What's in your project basket, friends?
So many projects have gone onto my needles in the past few months. And—perhaps more surprisingly—even with our busy calendar, a few have actually been cast off! It's a miracle, I tell you.
This little sweater though, I admit to casting this sweater off ages ago. (2014? Really.) Due to a lack of baby girls in my world, I only had a reason to add buttons last week, then promptly mailed it off to a friend with a sweet new babe.
The pattern is Carina Spencer's Gift Wrap Sweater – my favorite go-to baby sweater. I adore Carina's patterns without exception. The construction is clever, and the worsted weight yarn she's partial too for most of her patterns always makes for a satisfyingly fast finish.
As for the yarn choice shown above, I nearly always work with hand wash only wool yarn. I make an exception, however, when knitting baby gifts (at least for non-knitters of those I don't think have a stash of hand wash only clothing to tend to). I can't help but remember back to the profoundly exhausting days of early-motherhood and am certain of how I would have felt about "hand-wash only" gifts when my kids were small. I doubt they would have seen much use, since they'd be awaiting a hand wash until they'd been outgrown.
So this sweater (along with mittens for my own kids and hats for Pete—both of whom have a knack for discovering hand knits in the laundry after the spin cycle) I use this wool blend (afflink).
It's brilliantly soft, the colors are lovely, and it can survive the occasional trip through the washer. I pick it up at my local yarn shop, but buying online is an option too if you don't have a local option!
The buttons, of course, are those that Pete made for me for Solstice from the beach pebbles for Ireland. I couldn't resist.
And now? I'm back to knitting away on a much bigger sweater: one for me, knit from homegrown, hand-dyed wool. It's the Barn Sweater from Taproot Make. Perhaps some larger stone buttons are in order…
What's in your work basket these days, my friends?
Every few years this project finds its way back onto our costume to-do list. This year Lupine is putting together a "winter fairy" costume, so we need ice blue wings. Obviously.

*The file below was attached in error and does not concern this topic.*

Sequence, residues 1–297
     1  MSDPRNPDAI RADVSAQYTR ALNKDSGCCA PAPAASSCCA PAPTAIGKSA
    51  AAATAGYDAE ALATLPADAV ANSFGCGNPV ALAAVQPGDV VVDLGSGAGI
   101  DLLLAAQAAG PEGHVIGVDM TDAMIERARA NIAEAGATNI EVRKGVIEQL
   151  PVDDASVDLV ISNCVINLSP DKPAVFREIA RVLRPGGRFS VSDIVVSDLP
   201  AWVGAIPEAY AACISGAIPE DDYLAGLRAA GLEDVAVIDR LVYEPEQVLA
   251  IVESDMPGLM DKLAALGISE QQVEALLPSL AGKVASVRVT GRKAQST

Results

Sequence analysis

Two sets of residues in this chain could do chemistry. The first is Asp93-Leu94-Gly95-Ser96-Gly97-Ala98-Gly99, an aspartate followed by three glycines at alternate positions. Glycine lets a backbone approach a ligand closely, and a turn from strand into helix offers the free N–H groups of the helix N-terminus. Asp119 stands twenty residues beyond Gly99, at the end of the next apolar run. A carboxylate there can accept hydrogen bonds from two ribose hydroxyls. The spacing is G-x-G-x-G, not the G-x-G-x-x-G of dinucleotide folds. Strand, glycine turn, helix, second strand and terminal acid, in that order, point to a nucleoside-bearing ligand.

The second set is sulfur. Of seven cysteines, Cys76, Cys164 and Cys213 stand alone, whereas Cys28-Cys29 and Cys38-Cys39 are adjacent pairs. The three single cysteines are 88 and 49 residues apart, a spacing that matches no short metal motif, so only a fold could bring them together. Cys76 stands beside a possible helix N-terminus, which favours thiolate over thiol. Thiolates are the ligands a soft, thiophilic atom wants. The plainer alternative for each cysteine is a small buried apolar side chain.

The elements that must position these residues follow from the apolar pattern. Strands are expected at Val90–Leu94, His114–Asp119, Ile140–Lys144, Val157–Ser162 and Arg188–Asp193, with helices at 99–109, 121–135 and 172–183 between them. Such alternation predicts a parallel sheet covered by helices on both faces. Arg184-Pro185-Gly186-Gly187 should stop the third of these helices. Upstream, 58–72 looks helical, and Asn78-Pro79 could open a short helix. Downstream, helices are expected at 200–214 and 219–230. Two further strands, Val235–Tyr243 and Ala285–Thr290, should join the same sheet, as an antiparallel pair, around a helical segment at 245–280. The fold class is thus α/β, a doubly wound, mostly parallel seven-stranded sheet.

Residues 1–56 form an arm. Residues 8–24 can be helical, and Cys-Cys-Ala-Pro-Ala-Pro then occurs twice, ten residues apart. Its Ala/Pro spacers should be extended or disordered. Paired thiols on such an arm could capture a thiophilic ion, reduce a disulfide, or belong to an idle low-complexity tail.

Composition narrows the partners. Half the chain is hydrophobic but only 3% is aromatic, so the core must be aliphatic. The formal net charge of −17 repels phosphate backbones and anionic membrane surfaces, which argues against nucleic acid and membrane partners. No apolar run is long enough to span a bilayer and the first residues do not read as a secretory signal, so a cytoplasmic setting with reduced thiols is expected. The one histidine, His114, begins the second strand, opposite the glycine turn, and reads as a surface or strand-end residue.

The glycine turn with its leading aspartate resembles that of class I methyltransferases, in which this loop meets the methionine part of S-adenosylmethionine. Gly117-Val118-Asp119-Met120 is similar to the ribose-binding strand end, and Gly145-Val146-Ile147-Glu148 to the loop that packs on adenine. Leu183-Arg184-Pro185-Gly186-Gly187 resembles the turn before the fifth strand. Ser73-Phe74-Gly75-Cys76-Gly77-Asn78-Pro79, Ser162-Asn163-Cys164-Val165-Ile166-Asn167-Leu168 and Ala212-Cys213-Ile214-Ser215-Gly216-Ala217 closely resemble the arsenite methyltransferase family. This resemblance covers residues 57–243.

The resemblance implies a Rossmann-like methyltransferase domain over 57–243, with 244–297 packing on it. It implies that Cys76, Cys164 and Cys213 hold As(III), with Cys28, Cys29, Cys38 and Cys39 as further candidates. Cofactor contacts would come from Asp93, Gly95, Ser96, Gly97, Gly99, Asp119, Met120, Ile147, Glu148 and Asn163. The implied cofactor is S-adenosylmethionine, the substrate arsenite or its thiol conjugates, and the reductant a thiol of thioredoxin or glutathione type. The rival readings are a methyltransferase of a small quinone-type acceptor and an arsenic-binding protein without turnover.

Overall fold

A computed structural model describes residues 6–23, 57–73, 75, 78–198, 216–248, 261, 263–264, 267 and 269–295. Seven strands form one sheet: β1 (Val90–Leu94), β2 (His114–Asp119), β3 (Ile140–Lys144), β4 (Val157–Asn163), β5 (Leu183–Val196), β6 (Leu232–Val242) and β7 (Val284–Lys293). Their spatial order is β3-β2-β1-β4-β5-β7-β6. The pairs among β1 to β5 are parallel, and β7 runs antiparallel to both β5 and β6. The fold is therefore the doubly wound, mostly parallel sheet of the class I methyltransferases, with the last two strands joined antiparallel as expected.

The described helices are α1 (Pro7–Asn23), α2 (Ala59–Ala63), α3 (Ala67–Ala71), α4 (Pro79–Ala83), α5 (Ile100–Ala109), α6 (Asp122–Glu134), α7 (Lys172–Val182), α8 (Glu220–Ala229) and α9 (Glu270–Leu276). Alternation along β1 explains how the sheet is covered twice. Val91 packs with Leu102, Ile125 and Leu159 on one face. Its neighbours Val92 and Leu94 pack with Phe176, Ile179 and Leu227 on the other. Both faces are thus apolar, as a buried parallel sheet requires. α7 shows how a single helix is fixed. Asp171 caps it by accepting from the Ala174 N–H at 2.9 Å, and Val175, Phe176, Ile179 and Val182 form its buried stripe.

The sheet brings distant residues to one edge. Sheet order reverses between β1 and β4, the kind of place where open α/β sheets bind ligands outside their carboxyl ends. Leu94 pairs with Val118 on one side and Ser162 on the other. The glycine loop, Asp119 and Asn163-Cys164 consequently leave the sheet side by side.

Since I was pulling this tutorial up for myself I thought some of you might enjoy it as well. So fast, so easy, and a costume with lots of play-value long after the candy is gone.
I'm betting a few of you are still getting ready for Halloween. (We sure are!)
I made these wings a few years back and I loved them so much I could hardly stand it. The tutorial is as simple as can be, and start to finish they take under two hours.
So grab your glitter and some hangers and let's get crafty! (If nothing else it's an excuse to use the word "panty hose" again.)
But what? My costume stash is pretty lean these days, consisting of a too-tight-for-me-now wedding dress, a pair of cowboy boots and an Amish straw hat. And that combination was scarier than the mustache, so I needed a plan-B. A fairy! Of course. But Lupine's wings were too small.
And they were so easy. Ridiculous. And because of the amount of glitter I used, extremely satisfying as well. (I don't know what it is about glitter. I wish I could put it on my food I like it so much. Okay, not really. But unlike most adults I actually adore the stuff.)
These wings took me less than two hours from start to finish (including a trip to Walgreen's for nylons when I realized that I simplified all of my tights right out the door last spring).
So easy and so much cuter than a handlebar mustache.
Here is what you need:
Four metal coat hangers or equivalent amount of other very strong wire
Duct tape (packing tape also works in a pinch but isn't as strong)
2 pairs of nylons of preferred color, mine were size large-ish and full length, though in retrospect thigh-highs would work great.
White glue or Mod Podge
1. Shape each of the four hangers into a wing shape. My top and bottom wings have a slightly different shape giving a distinct top and bottom, but go with whatever you like.
2. Cut off the hooked part of each hanger and tape together your left and right wing pairs, as above.